Thursday, December 14, 2006

I Can't Get No . . .

Yesterday a friend asked me what I wanted for Christmas. We were emailing back and forth (because, argh, he has yet to get into instant messaging) and I replied with a tongue in cheek answer that was -- at the time -- supposed to be teasingly vague and intriguing.

Satisfaction.

I get points for vague but I think I was more intrigued than he with the speed in which I came up with this and later the actual truth of it.

Growing up in my oh-so-fundamentalist-but-I-didn't-know-it church, we sang "I am satisfied. . . . I am satisfied with Jesus." Today my little coffeehouse community will at times sing the song "Enough." But I don't sing that one. At least I haven't since I really considered the words, "Jesus, you're more than enough for me."

I don't sing it because . . . well, it's not true. At least not for me. At least not yet. OK, sometimes I allow for the fact that I want it to be true and so I'll sing in the hope of its reality in my life. But for the most part, I use this time to pray and ask God why satisfaction seems to be such an illusion for me.

Now, before some of you get out of sorts, let me clarify. Yes, I know that I have all that I need by way of physical comforts. The roof over my head may be someone else's floor but my humble abode is perfectly suited to my personality and the limits of my hospitality. The food I eat is beyond filling . . . even my snacks are exotic and luscious. My clothes are as stylish as I can push myself to attempt. I'm truly covered in every way. And believe me, "grateful" is with me all day, every day. I am absolutely grateful. But satisfied?

Satisfaction feels almost like an illusion . . . like smoke rising after the magician yells "abracadabra." I see it in the distance, exposed by the light, but touching it? Not really an option.

I know that greed makes many want for more. I know that addictions attempt to fill the hole. I know that many a religious fanatic would swear that Jesus has taken care of all that for them and (after saying a simple prayer with all heads bowed and eyes closed) will do so for me, you and whoever else we can grab as well.

But, I don't see it. I don't see satisfaction in those folks. I see striving similar to gerbils in a wheel, spinning without relocating to anywhere new. Even the ones that I know have some degree of peace . . . they're still "working at" this whole faith thing.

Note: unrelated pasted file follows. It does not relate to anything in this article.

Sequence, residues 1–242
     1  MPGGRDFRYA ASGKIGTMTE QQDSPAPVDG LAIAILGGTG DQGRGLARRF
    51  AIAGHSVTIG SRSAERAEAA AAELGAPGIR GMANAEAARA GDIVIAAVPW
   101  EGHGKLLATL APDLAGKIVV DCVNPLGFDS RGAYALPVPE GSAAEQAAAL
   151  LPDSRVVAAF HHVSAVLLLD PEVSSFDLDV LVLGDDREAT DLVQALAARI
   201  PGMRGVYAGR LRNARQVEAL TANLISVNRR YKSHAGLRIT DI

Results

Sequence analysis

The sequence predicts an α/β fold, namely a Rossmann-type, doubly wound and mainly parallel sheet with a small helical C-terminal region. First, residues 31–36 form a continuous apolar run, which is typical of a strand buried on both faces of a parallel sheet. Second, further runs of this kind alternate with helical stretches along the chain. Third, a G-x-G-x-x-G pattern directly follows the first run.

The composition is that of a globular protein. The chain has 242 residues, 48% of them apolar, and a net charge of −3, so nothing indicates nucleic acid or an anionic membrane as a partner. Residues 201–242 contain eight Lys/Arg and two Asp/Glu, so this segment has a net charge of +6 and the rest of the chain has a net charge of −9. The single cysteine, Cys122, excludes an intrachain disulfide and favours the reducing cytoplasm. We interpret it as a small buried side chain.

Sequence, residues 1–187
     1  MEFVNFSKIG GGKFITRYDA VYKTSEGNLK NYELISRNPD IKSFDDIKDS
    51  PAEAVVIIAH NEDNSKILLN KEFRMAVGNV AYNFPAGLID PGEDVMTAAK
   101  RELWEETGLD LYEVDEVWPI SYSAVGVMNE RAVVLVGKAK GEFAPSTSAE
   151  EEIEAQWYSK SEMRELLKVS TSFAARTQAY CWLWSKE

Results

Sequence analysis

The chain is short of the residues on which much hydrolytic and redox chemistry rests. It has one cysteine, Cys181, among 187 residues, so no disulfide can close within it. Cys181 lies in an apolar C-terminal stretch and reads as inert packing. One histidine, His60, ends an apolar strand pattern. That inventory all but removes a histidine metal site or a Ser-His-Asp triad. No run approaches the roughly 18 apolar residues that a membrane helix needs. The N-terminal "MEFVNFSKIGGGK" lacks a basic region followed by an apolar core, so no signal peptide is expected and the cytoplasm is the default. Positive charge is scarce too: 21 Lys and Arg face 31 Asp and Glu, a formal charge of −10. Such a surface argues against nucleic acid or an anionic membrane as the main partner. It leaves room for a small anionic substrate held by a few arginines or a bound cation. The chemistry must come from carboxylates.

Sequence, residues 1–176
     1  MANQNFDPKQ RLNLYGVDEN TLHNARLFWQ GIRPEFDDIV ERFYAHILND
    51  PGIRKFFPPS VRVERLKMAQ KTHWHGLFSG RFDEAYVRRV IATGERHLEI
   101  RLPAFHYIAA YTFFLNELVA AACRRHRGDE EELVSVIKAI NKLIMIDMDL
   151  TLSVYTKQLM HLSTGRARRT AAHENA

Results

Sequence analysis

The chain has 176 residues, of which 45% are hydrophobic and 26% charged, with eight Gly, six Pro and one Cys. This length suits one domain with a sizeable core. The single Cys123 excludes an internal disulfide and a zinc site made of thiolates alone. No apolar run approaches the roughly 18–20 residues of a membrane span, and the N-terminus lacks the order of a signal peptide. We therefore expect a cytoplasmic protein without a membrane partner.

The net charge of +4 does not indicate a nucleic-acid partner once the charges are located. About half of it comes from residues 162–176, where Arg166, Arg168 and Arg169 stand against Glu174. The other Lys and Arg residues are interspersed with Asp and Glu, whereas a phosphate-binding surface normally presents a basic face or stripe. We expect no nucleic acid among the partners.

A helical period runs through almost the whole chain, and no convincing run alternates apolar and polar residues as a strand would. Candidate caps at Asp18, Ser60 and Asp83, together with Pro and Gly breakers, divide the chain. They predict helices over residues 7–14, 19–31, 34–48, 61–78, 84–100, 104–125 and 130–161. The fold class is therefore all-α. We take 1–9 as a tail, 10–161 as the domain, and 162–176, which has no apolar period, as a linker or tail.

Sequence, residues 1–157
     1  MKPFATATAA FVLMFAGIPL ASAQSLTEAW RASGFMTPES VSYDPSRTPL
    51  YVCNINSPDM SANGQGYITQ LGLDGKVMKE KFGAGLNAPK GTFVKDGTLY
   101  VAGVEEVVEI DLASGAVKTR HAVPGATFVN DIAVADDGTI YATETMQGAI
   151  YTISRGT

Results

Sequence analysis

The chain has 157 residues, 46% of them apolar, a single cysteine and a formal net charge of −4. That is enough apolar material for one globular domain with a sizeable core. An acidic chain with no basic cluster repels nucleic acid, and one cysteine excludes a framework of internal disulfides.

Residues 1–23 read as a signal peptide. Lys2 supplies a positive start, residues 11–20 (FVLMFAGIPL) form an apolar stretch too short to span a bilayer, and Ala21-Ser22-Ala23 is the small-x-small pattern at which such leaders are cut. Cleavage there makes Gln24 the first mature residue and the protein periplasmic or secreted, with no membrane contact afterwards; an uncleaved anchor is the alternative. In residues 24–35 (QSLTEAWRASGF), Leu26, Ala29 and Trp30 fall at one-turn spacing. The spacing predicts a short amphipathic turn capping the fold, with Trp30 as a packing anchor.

Peace . . . that's really what I'm talking about. You see that don't you? A peace that calms the want, quells the desire, caps the longing . . . now that would be satisfaction.

The angels told us it was coming -- peace on earth, good will, etc. But still we can't quite seem to get such satisfaction.

So . . . if you have some to spare . . . put a bow on it and send it my way, ok?

6 comments:

James said...

It is the nature of existence that we never feel satisfied. Otherwise, we would never seek friendship, food, adventure, etc. But, I think peace is differenct from satisfaction. Peace, for me, comes from knowing, or realizing, or accepting, that to be satisfied I must know what it's like to be unsatisfied, to be full, I must know what it's like to be empty. But, that's just me.

=)

KC said...

james i always love what you have to say. . . you got me thinking . . . perhaps i'm equating the result with the means of getting there, i.e. satisfaction with what it produces. will have to think on it . . . but definitely do see what you mean about the nature of existence.

Texas2Tennessee said...

It is human nature that once satisfaction is achieved, we want more...there is no peace in satisfaction. Thomas Merton wrote extensively about this during the latter part of his brief life. Might shed some insight on the subject for you.

Neumann-is-an-island said...

Maybe we should try little steps first. Try being content and satisfied for one hour (sleeping doesn't count). Try going an hour not wishing for something for ourselves. Perhaps it cannot be done, I do not know. I know that I would be on the top-ten list of people who want something. Material, abstact, expensive, simple or a really good roast-beef sandwich.

Even when I am being selfless (hey, it could happen), I want to help others because it makes me feel good and I want more of that feeling. I do not know if we can be satisfied.

If we are to be Christ-like, then I suppose the question turns to; Was Jesus satisfied? Didn't he ask for more time? Did he ever ask anything of anyone?

KC said...

This is getting very interesting . . . especially when we're working with our own perceptions of what "satisfaction" might mean. I was writing from this one: to put an end to (a desire, want, need, etc.) by sufficient or ample provision. Therefore, if to be "satisfied" is to put an end to, then we might not want more? . . . I'm very intrigued with the idea of whether or not Jesus was satisfied. Hadn't considered that ... but he definitely asked for more .... hmmmmmmm

Texas2Tennessee said...

Uh huh...I understood where you were coming from...but I hold my ground in stating that it is a human condition to keep reaching, sampling, tasting, exploring...to what common end I do not know, but it isn't satisfaction.

For example:

"This is the best wine I've ever tasted." Do you 'put an end to' drinking wine thereafter? No, something which tastes better or is more "satisfying" comes along and then it's the new favorite du jour...until the next more satisfying glass of wine comes along.

In my humble opinion...